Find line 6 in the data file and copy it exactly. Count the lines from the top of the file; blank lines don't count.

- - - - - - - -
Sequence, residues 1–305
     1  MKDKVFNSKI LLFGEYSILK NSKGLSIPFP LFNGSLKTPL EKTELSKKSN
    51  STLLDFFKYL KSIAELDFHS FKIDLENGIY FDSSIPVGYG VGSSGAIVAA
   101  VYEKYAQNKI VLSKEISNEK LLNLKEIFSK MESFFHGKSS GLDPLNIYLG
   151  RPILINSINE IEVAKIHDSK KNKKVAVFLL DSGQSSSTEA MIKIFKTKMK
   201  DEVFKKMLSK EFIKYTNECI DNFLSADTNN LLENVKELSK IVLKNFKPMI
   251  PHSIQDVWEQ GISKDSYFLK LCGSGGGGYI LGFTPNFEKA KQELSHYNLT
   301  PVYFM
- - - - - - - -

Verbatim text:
   201  DEVFKKMLSK EFIKYTNECI DNFLSADTNN LLENVKELSK IVLKNFKPMI